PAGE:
Zirtual founder: “The numbers were just completely f***ed”

August 13, 2015, 1:57 PM UTC

Maren Kate Donovan so far hasn’t talked to reporters about what caused her company, Zirtual, to abruptly implode earlier this week. But after the company’s second turn of events—the announcement late Tuesday night that Zirtual would be acquired by a company called Startups.co—she agreed to talk to Fortune. (I am a three-plus-year customer of Zirtual and have written about Donovan and my experience with the service.)

It’s “pretty much been hell, but I’m trying to get through it,” she said. According to the story Donovan tells, the company’s downfall rests in two rather shocking shortfalls: not having a full-time CFO and only having two people on its board of directors.

Here’s what happened, according to Donovan: Until about a year and a half ago, she and her founding team were handling finances themselves (“we were just doing it,” she shrugs). One of her investors recommended she hire an outside consulting firm—a “Silicon Valley CFO firm,” as Donovan describes it—that could provide turnkey CFO support and services.

Donovan refused to name the firm or say which investor recommended the service, except that it also had done work for some of the investor’s other portfolio companies. It installed a pointperson who ran Zirtual’s books and did pro forma projections at every board meeting.

[Update: Fortune has identified the outsourced CFO and spoken with him]

Earlier this spring, Donovan claims, she suspected there might be a mistake in the projections for the company’s burn rate. She says she dug into the numbers herself and found that the projections missed two additional payroll cycles that fell in May and October due to calendar purposes (the company paid employees every 14 days). Since the company operated with full-time employees, not independent contractors, two extra pay cycles were significant, or in Donovan’s words: “the numbers were just completely fucked.”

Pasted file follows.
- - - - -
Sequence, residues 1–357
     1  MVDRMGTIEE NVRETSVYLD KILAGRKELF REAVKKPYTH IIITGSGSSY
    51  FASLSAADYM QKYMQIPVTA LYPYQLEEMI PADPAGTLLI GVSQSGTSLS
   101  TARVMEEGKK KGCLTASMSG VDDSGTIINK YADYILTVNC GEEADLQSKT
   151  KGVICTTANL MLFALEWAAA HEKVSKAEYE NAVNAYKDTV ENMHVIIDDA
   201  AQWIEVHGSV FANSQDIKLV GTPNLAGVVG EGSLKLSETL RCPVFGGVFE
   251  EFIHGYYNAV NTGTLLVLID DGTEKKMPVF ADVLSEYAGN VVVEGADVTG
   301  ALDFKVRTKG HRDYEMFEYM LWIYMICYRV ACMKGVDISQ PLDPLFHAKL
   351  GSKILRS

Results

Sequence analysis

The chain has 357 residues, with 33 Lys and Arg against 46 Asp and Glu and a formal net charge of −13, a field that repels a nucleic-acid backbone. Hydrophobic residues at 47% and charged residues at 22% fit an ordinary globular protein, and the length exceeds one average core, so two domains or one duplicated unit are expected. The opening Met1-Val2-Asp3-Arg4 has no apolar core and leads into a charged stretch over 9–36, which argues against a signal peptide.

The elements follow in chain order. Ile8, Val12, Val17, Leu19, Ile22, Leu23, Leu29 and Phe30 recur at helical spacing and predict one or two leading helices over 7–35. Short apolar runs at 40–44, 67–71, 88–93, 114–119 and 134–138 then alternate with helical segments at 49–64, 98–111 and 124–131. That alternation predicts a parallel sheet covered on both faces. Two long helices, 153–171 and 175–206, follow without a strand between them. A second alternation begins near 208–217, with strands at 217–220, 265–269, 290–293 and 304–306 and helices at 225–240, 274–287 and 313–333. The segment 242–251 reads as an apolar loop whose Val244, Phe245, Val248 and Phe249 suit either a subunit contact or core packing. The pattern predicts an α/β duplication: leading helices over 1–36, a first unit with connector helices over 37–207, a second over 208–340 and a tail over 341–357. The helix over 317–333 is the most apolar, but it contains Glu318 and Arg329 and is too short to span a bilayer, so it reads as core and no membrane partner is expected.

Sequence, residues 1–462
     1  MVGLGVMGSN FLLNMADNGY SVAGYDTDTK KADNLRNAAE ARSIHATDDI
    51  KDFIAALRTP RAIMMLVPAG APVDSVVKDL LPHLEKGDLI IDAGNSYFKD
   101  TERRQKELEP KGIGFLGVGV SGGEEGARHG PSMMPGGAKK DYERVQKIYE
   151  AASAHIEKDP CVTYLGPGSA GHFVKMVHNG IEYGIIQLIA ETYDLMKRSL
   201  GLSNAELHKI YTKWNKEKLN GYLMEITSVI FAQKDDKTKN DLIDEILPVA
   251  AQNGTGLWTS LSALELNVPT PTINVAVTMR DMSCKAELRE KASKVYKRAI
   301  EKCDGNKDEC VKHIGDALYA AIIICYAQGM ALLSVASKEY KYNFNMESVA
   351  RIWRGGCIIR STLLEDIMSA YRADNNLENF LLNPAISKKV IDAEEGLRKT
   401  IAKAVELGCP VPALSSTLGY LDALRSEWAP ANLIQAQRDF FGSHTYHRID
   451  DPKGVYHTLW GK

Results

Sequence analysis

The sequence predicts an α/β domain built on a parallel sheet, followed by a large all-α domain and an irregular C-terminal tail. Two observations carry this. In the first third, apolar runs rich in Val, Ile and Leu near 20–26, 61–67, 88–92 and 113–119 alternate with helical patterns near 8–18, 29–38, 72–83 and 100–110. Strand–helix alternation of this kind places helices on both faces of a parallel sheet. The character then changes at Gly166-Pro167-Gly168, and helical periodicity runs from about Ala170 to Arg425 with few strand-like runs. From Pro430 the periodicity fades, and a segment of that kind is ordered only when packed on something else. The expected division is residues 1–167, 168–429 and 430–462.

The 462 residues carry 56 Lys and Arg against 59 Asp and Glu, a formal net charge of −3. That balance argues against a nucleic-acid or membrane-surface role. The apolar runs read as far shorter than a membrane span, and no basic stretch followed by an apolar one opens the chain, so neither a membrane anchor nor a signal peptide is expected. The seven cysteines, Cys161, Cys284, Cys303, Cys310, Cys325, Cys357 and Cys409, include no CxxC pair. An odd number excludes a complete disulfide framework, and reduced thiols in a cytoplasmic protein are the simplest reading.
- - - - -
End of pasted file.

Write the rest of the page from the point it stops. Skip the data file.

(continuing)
She says she sent a letter to Zirtual’s investors explaining the situation and letting them know the company would need $3 million in bridge funding so it could meet the obligations and also continue to execute on its plans (building out technology and increasing wages to $16 per hour to help retention). She says they got about halfway there and had drawn interest from outside investors that would have completed the round. Last week, Donovan says, those final commitments fell through.

About four weeks ago, Donovan and her co-founders finally hired a professional, full-time controller. “She dug in and was like, ‘wow, we’re going to have to rip it up from the ground up,’” Donovan says. It became clear that getting the extra funding was critical.

Donovan says she wasn’t worried because the company had not had trouble raising money before; the business was on an $11 million run rate, and was burning $400,000 a month—“which in San Francisco terms is nothing,” she says.

But when it became clear late last week that the round was not going to come through, she informed her current investors, who, she says, told her they would not let the company fail. Then the company’s HR chief quit abruptly—because, Donovan claims, she felt it was time to cease operations and let employees go at that point, while Donovan and her cofounders wanted to try to secure more funding over the weekend. “We thought we were going to pull through until Sunday because things kept lining up,” Donovan says. But the current investors didn’t come through— Donovan says the group had an all-or-none agreement and not all would participate. By the wee hours of Monday morning Donovan and her co-founders prepared to deliver the news to customers and employees. (Fortune has spoken with two investors who confirmed Donovan’s general account.)

Donovan says the company wouldn’t have needed much to avoid ceasing operations: “If we had just had another $500,000, we could have made another two weeks of payroll and found probably an external investor which wouldn’t have been a great deal for us, but it would have kept the company,” she says.